Will Barron:

What do you say to those individuals, because I’m in agreement with you here of, if I email someone four times and I don’t get a meeting booked, I’m probably speaking to the wrong person or at the wrong time. I feel it’s 27 emails after the fact is not going to make any difference. I’m better sending another four emails in six months or 12 months from now. So what’d you say to-

 

Alex Berman:

Yeah, another four emails in 12 months or just another four emails in a couple of weeks too. You’re emailing the CEO these four, email the director of marketing. Move on down the ladder.

 

Don’t Spam Your Clients With Too Many Emails · [18:57] 

 

Will Barron:

Do you have issues when you’re working with brands and when you’re teaching people, do you have to convince them not to spam individuals? Because I find that it’s a conversation that I’m having more and more.

 

Alex Berman:

Yeah. I see it in our group too. People will join Email10K, they’ll pay the premium to learn our shit, and then they’ll go out there and spam and they’ll be like, “Alex, the emails didn’t work.” I’ll be like, “What did you do here? Send me the script,” and yeah, they’ll not be using the custom first lines. They’ll have the case study wrong, and I’ll be like, “Oh no, don’t send us through a 40 more people. Stop.” They’ll be like, “Oh dude, I already sent it off to 3000. What am I supposed to do here?”

 

Alex Berman:

So, I very much believe in artisanal, small batch emails, just like the coffee. You’re sending to 40 people. You’re not sending to 4,000. The reason why is if you’re sending to 40 people and you can get one of those to convert to a meeting off of those 40, then you get that email script so solid, maybe you sent to another 40, get it working, get another 40, you get it working.

 

“Your email should perform so well that after 100 emails your calendar is booked.” Alex Berman” – Alex Berman · [19:57] 

 

Alex Berman:

Your email should perform so well that after 100 your calendar is booked. You shouldn’t want to send 200 emails because there’s too many meetings on your calendar. That’s what we found again and again when people are following our process. That’s why we have this tested process, and that’s why I’m always talking about it because it is a game changer.

 

“I would say if you have to talk to somebody 50 times to convince them to work with you, something’s wrong either with your offer or with your messaging or with the type of person you’re talking to.”  – Alex Berman · [20:19]

 

Alex Berman:

Now, what do I say to those people that are sending 50 emails? I would say if you have to talk to somebody 50 times to convince them to work with you, something’s wrong either with your offer or with your messaging or with the type of person you’re talking to. You shouldn’t be begging people to work with you. You should be sitting here as the established, great agency.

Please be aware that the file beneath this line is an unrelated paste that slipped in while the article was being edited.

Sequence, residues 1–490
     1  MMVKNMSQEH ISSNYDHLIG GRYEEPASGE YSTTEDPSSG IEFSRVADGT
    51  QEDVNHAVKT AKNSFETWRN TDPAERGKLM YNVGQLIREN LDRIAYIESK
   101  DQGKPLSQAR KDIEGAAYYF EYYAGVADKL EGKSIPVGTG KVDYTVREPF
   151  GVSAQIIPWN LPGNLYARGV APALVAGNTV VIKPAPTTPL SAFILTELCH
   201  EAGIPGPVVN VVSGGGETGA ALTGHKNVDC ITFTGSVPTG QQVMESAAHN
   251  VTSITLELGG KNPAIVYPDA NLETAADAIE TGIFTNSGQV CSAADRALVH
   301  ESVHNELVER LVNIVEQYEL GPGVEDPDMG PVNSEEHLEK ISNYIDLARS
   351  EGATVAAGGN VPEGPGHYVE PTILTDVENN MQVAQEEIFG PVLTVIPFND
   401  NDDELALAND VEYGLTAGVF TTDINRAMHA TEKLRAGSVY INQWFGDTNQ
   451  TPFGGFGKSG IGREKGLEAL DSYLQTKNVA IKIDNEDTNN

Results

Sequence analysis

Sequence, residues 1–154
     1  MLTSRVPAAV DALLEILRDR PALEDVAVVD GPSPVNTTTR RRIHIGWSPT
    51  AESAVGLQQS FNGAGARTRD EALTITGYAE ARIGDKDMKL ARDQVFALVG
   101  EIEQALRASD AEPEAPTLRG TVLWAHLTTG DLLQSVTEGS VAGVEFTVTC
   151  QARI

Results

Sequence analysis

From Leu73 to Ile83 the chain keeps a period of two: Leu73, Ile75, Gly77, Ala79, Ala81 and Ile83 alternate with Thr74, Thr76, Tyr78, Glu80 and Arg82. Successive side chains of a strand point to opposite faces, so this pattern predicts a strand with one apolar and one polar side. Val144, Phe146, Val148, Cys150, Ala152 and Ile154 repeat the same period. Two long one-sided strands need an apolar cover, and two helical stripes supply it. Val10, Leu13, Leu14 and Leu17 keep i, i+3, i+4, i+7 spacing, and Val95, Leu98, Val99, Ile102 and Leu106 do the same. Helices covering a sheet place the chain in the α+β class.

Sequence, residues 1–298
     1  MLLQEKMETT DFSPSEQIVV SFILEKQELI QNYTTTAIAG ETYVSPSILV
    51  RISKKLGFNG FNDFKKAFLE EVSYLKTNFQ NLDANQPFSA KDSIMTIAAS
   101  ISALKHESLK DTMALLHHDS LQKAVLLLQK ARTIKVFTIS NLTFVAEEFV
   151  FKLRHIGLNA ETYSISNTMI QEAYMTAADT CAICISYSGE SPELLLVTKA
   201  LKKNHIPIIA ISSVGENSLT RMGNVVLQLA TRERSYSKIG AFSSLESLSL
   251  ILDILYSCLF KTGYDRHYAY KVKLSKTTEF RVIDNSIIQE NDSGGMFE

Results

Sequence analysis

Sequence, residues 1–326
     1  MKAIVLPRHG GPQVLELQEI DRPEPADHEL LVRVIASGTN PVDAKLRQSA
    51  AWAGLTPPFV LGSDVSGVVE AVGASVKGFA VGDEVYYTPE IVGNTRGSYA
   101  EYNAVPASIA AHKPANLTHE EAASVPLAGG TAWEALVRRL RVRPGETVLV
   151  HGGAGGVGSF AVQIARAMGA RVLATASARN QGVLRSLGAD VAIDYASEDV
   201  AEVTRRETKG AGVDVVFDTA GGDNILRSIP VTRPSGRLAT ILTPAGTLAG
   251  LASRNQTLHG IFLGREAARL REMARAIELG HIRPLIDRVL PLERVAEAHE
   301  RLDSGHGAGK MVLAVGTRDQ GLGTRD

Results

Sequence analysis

Alex Berman:

If you don’t have case studies, you don’t look established. We actually in the course tell you how to get other agencies to loan you their case studies so you can look to established overnight. You need to be sitting here as the pillar. You are the guy, and you act like the guy, and the guy wouldn’t send 50 emails begging. The guy’s so busy, he’s going to maybe send three emails, four emails, and then he’s going to move on.

 

How Much is The Ability to Prospect Down to Confidence and Ability? · [21:07]

 

Will Barron:

So this is a weird question about our conversation about cold emails and it’s two different topics but I think they might be intertwined and you’ve just led us up to it. How much of this is just mindset and confidence in the ability to be the man, the woman, whatever you want to call it, and just be the badass?

 

Alex Berman:

Right, it’s a gendered term. Be the person, or guy can be gender neutral.

 

Will Barron:

We won’t go down that rabbit hole. We’ll be here all day with different pronouns and all that nonsense.

 

Alex Berman:

How much of it is mindset? I think it’s all mindset. I think everything is all mindset. But yeah, if you’re confident that you are the go-to spot, and you’re confident that you could change your bid … Right now, if I’m confident that I could generate $100,000 this month in sponsors for your channel, I’m going to tell you that. I’m going to tell you what we did in the past. Then if you don’t work with us, I’m going to go to someone else. I’ll pitch Patrick [inaudible [00:21:52]. I don’t care.

 

Will Barron:

Because it’s interesting to me … Over at salesman.org, we’ve got this assessment, there’s 12 elements to it, broken into four different groups. A lot of it is just confidence. It’s not even a bravado or anything like that. It’s just you being confident that you can offer value to someone. When you feel good about what you’re doing, you don’t need to learn how to influence. You do need to learn the old school selling of manipulating people. You don’t need anything because it just comes across as just pure confidence and that sucks people in.